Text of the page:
A final scree slope to descend, dotted with little white flowers – Arenaria? Cerastium? There are so many different little white alpine flowers that it’s impossible for me identify them with certainty so, if any readers can help, please do! Although Geoff and I prefer to walk on our own rather than in a group, it’s times like these that it would be nice to have a knowledgeable guide (eg from here or here)!
At long last the historic 1892 Rifugia Venezia comes into view – a very welcome sight, because I’m totally buggered from climbing in such heat (>28C).
The next day, refreshed and refuelled by a shower, hearty home-cooked food and a good night’s sleep, we head off, the surrounding mountains surreal in the hazy air.
And for the first time, I spot the famous flower I’d searched for in vain on my last visit – the Martagnon lily! Other plant nuts will totally understand just how thrilling this was. I took about a million pictures, but here is just one:
We pass back through Pecol and continue to Mont Civetta. We’d hiked here last time without circumnavigating the ridge – the weather turned bad and the season was late, so a lot of snow still lay across our path and the highest pass would have been risky with our lack of experience. This time, the summer is both early and warm, so I expect to see many different flowers in bloom.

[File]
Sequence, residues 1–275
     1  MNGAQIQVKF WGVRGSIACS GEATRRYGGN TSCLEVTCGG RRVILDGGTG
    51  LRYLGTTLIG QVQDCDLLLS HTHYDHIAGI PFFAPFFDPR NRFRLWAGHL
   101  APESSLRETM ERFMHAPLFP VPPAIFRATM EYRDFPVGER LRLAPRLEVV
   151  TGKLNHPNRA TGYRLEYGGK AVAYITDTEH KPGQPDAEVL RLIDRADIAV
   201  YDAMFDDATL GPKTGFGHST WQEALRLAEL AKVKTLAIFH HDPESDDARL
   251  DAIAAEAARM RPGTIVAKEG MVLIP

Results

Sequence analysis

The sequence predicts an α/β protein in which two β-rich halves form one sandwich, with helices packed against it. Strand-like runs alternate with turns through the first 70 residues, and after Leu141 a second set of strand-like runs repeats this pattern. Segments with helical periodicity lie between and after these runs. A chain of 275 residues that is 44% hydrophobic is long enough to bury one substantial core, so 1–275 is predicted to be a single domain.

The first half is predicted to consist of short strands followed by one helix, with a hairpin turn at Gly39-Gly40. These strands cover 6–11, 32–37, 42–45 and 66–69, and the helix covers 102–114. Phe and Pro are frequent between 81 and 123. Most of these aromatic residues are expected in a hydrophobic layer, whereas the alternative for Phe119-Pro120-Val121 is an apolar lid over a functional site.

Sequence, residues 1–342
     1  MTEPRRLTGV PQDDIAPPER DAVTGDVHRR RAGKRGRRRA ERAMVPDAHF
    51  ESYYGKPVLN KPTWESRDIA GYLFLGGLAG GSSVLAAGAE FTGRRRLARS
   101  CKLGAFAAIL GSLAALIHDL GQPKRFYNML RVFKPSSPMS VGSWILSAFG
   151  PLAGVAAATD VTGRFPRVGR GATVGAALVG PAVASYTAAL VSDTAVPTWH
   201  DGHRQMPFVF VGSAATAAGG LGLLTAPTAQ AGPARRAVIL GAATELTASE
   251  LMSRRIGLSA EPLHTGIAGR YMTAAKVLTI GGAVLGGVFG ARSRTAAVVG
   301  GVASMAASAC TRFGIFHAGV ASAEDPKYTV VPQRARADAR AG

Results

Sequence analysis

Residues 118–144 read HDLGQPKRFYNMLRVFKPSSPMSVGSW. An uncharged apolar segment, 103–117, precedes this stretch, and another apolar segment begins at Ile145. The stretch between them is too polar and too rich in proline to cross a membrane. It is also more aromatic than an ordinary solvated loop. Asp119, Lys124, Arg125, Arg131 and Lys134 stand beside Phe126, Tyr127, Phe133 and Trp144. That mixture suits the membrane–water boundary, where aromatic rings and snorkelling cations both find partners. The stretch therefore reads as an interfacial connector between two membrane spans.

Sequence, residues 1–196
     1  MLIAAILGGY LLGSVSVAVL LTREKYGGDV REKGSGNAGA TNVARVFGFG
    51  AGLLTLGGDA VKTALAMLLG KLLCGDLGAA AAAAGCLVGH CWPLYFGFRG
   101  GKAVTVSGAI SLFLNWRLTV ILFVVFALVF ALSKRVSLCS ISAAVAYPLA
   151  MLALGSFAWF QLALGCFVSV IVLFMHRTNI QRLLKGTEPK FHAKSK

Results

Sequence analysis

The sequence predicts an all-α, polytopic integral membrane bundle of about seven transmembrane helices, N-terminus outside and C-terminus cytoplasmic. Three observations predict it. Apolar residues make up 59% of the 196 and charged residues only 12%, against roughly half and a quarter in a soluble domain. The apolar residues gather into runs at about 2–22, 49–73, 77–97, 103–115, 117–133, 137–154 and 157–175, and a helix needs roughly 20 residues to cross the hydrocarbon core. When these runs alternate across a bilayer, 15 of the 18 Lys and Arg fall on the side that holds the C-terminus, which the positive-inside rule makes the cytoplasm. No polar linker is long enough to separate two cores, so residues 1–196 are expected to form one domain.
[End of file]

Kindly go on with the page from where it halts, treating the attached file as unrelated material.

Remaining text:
And indeed, colours appear in great swathes across the meadows – wow!
We begin to climb more steeply, numerous species of saxifraga, potentilla and other tiny plants dotting the rock faces beside the trail, so I’m constantly stopping to peer into crevices:
before we arrive at Rifugia Coldai for delicious home-made cake and coffee.
The vegetation changes again beyond the rifugia, with a magnificent geranium meadow and representatives of the Apiaceae family (more diverse and plentiful than they are in Oz)
as well as my first sighting of the beautifully inky hoods of aconite: cue another five minutes for photos!
Higher still, and we reach Lake Coldai. Last time we were here, ice scattered the surface, but now the water is a mirror. It is spectacularly beautiful, and a perfect spot for lunch.
Onwards for the last push to Rifugia Tissi. There it is, silhouetted at the top right of the ridge:
It doesn’t look very far, does it, but it takes a very long time to grow in size! The final steep push is exhausting – yet again, the weather is bloody hot – but fortunately my pack is a bit lighter; Geoff’s, on the other hand, has mysteriously become heavier! At last we are there.
We drop our gear in our room and, after a restorative cuppa and cake, explore the area around the rifugia. At 2250m, it’s well and truly alpine, and rich in different flowers:
Pedicularis is parasitic, like the Orobanche I saw in the valleys last time. Like the Apiaceae family, it’s another group of plants that appear to be more common here than in Oz.
It’s wonderfully exciting – there are so many new plants to see, even though we walked this section last time. Tomorrow we will be walking further and higher into completely new territory.
As it turns out, this does not quite go as planned, but the next two days bring not only some of the most stunningly unique landscapes Geoff and I have ever seen, but also some rare and special plants.